Cuesta College’s faculty opposes the Dana Reserve project

After two days of discussion over the controversial Dana Reserve development, Cuesta College’s academic senate decided to vote in opposition of the proposed project. 

The vote came on Oct. 27, less than a week after Cuesta College President Jill Stearns spoke during public comment at the Oct. 23 SLO County Planning Commission meeting, highlighting the fact that in addition to the project’s proposed 1,300-plus housing units, the development aims to house a South County campus for Cuesta. 

click to enlarge Cuesta College’s faculty opposes the Dana Reserve project
File photo by Peter Johnson
ANTI-RESERVE: Cuesta College’s faculty recently voted to officially oppose the Dana Reserve project, joining others in condemning the project such as Nipomo residents Alison Martinez (left) and Kelly Kephart of the Nipomo Action Committee.

“Mr. Tompkins has shared with the Cuesta College board of trustees his generous intent to donate property for an educational site as part of the planned reserve,” Stearns said. “This property aligns very well with the needs of Cuesta College for a South County location.” 

Stearns added that hiring and keeping Cuesta employees at any level is challenging due to a lack of affordable housing, which the reserve would help. 

“Cuesta College has a permanent full-time workforce of just under 900 employees that expands during the academic year to over 11,050 inclusive of temporary and part-time employees,” she said. “In an average year, we hire 70 new permanent employees, and like other large employers in San Luis Obispo County, we lose great candidates because of the housing challenge. In fact, affordable housing is the No. 1 reason cited by those who decline offers of employment.” 

Although Stearns has been speaking on behalf of Cuesta College when it comes to the Dana Reserve, Cuesta College English professor Wesley Sims said that faculty has been left out of the conversation. 

“I’m on the South County Task Force, and that’s made up of administration and faculty, and this never came before us in that task force. It never came to the larger faculty,” Sims told the Sun. “So, you know, to me, it kind of speaks volumes when you’re not bringing these decisions to faculty, and I think the reason they didn’t want to bring it to faculty is because they knew we’d be in opposition.” 

The South County Task Force is charged with providing input regarding what programs, certificates, degrees, courses, and/or curriculum may be well suited to South County. Cuesta currently leases a classroom at Arroyo Grande High School to offer limited classes to South County residents.

Sims said that faculty is dealing with confusion around this project because until the Oct .13 and 27 academic senate meetings, most faculty members knew nothing about Cuesta’s role in the Dana Reserve. 

“The really frustrating thing from our perspective was that faculty were uniformly against the proposed Dana Reserve but there were a few members on senate who really thought we couldn’t be speaking [on it],” he said. “We usually wouldn’t bring a thing like this to the academic senate but because Cuesta’s administration is showing up to these meetings and speaking in favor—they might not be saying the words in favor but they’re speaking in favor—is really misleading because faculty aren’t for it.”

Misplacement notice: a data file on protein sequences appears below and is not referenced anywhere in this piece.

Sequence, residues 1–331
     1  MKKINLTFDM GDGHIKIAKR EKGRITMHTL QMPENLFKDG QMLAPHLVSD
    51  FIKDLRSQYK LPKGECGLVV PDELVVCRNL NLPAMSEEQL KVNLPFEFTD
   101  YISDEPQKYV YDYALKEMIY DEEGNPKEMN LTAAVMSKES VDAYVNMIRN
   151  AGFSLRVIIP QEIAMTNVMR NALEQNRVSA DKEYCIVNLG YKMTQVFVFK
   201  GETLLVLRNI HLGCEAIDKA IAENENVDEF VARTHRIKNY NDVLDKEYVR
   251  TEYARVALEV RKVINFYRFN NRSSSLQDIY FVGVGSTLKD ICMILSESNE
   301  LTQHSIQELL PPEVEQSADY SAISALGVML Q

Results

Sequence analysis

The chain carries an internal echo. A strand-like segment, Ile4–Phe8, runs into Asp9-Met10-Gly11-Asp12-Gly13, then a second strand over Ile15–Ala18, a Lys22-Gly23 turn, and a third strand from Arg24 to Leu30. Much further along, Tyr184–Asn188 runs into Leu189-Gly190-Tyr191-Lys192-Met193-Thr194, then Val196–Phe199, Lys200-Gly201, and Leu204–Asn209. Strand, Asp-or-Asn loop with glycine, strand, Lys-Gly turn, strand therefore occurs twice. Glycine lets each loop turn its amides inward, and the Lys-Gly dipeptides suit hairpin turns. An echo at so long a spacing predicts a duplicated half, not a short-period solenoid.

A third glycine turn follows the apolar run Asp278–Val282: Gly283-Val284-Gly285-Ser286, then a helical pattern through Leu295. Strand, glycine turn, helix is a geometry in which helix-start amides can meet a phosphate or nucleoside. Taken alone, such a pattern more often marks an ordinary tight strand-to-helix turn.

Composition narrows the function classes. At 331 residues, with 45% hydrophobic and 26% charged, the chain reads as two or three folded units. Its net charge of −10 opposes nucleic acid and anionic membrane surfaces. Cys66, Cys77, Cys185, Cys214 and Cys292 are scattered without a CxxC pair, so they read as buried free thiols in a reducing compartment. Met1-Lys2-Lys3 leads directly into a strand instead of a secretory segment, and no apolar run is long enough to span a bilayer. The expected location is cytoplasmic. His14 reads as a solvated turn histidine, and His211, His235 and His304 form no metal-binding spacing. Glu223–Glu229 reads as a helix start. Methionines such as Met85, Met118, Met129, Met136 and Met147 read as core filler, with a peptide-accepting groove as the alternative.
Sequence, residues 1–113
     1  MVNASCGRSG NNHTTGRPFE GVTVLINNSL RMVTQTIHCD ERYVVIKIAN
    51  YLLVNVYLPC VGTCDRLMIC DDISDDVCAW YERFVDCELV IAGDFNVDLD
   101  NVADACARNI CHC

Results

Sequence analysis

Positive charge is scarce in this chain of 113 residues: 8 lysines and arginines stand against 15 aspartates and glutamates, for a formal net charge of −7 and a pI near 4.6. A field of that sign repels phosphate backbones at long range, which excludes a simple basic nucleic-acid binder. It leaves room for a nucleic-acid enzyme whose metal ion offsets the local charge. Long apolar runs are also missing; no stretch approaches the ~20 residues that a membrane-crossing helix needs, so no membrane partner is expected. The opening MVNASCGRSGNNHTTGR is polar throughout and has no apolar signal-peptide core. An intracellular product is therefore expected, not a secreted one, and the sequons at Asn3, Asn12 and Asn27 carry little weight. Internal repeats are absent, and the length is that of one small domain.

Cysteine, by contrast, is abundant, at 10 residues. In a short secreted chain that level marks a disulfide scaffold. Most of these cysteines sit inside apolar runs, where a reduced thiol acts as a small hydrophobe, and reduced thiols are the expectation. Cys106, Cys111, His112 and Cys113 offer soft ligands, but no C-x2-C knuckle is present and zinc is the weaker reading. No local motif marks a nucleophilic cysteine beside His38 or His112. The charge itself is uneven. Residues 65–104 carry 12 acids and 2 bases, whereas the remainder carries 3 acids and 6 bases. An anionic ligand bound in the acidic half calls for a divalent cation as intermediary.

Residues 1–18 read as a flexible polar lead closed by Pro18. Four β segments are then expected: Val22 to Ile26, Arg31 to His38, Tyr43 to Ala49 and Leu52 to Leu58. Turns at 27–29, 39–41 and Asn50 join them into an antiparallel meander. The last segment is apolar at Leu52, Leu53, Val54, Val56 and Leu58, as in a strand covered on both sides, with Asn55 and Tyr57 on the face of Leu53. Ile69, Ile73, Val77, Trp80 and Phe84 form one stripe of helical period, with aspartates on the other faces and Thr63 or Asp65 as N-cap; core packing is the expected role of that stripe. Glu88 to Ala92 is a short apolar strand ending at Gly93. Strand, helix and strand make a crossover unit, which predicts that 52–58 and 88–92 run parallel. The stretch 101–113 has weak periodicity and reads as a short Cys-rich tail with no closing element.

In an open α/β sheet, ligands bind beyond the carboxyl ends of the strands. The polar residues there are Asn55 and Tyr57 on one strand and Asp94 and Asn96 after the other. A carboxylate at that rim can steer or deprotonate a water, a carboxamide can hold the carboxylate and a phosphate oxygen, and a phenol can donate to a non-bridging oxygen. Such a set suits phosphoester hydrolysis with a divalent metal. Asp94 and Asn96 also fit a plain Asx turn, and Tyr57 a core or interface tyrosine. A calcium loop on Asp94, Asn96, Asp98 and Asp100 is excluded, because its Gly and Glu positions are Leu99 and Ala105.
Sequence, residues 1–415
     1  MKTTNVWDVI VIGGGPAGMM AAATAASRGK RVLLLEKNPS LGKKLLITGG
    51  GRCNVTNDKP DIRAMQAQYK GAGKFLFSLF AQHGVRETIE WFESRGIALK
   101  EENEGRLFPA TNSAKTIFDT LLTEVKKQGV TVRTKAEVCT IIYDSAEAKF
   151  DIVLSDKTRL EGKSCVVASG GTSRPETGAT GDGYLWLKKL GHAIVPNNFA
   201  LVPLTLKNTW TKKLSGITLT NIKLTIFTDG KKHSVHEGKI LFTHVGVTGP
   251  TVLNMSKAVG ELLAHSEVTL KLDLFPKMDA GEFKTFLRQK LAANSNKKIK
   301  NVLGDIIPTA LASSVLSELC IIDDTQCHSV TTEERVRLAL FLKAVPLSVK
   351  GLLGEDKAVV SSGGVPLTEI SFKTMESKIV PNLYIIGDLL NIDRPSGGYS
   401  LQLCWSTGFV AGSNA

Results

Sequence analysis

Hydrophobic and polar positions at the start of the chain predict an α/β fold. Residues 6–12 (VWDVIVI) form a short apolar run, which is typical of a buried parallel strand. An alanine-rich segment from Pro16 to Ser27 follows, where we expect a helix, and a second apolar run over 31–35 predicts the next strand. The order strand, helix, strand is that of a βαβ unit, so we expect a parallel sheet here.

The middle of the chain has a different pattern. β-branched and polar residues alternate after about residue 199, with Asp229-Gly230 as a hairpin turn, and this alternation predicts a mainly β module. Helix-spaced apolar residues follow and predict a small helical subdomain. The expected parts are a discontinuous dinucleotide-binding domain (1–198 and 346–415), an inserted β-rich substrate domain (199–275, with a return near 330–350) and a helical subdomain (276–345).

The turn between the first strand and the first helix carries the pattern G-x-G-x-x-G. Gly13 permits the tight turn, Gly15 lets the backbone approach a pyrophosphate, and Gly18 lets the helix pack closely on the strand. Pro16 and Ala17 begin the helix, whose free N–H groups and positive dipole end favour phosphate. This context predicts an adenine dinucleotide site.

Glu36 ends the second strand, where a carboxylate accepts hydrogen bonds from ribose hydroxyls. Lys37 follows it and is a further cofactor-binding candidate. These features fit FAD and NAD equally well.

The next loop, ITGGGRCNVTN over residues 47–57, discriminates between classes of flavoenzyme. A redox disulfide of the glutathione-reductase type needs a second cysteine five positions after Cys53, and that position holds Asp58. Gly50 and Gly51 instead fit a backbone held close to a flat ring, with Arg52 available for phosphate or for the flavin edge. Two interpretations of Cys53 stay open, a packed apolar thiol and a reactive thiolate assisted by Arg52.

Sims said that he doesn’t want the public to get confused about where a majority of the college stands regarding the Dana Reserve. 

“Faculty make up a large portion of the college, and I don’t believe the students are for it either, so I feel like Cuesta is getting a really bad name by the admin. who are supporting this publicly, and we want to jump in and say, ‘Hey, you know, not so fast,’” he said. “There’s a lot of opposition here and that comes from the faculty.” 

During the Oct. 27 academic senate meeting, one of the senators said that this project doesn’t align with the college’s values because it promotes environmental and cultural destruction. 

“Biologists educated us about the environmental destruction in the [environmental impact report], the Northern Chumash Tribal Council educated us about the possible destruction of the cultural heritage,” the senator said during the meeting. “As a bioarcheologist, I’ve worked several projects in the area, and the community we served educated us about their concerns. Let our actions reflect our values.” 

During the meetings, senate members were presented with a six-page document from the Northern Chumash Tribal Council, which mentions that the Dana Reserve “completely ignores the Chumash history in Nipomo and lacks any discussion of local sites of importance to which the resources in the project area may be related.” 

According to the minutes from the Oct. 27 academic senate meeting, the academic senate council also opposed the development because the project would cause irreparable environmental damage, including the destruction of 3,000 mature oak trees and rare Burton Mesa chaparral habitat. 

The Dana Reserve project is slated to go before the SLO County Board of Supervisors on a yet-to-be-determined date. 

“That should go to the [Cuesta] board of trustees on probably the first Wednesday in December, but it’s really not as if there will be any more action other than informing the board of trustees that we’ve passed this resolution,” Sims said. “What we’re really hoping is that we can show up to the [SLO County] Board of Supervisors meeting and say there’s a more complicated relationship with Cuesta College and you know faculty are in opposition.”

Comments (0)
Add a Comment